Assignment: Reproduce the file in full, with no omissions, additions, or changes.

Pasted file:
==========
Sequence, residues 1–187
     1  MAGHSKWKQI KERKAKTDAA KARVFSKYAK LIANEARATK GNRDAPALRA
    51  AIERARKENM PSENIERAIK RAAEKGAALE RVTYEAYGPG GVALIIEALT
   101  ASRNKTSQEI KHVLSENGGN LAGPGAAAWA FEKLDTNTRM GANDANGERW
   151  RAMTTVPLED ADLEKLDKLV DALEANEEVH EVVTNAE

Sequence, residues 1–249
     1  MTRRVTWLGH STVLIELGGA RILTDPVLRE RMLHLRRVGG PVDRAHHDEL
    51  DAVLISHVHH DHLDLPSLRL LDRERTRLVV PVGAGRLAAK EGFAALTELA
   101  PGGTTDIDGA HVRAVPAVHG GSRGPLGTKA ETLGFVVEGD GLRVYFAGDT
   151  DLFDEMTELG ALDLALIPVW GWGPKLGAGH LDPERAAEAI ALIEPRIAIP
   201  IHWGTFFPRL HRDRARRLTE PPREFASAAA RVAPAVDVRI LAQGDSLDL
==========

Sequence, residues 1–187
     1  MAGHSKWKQI KERKAKTDAA KARVFSKYAK LIANEARATK GNRDAPALRA
    51  AIERARKENM PSENIERAIK RAAEKGAALE RVTYEAYGPG GVALIIEALT
   101  ASRNKTSQEI KHVLSENGGN LAGPGAAAWA FEKLDTNTRM GANDANGERW
   151  RAMTTVPLED ADLEKLDKLV DALEANEEVH EVVTNAE

Sequence, residues 1–249
     1  MTRRVTWLGH STVLIELGGA RILTDPVLRE RMLHLRRVGG PVDRAHHDEL
    51  DAVLISHVHH DHLDLPSLRL LDRERTRLVV PVGAGRLAAK EGFAALTELA
   101  PGGTTDIDGA HVRAVPAVHG GSRGPLGTKA ETLGFVVEGD GLRVYFAGDT
   151  DLFDEMTELG ALDLALIPVW GWGPKLGAGH LDPERAAEAI ALIEPRIAIP
   201  IHWGTFFPRL HRDRARRLTE PPREFASAAA RVAPAVDVRI LAQGDSLDL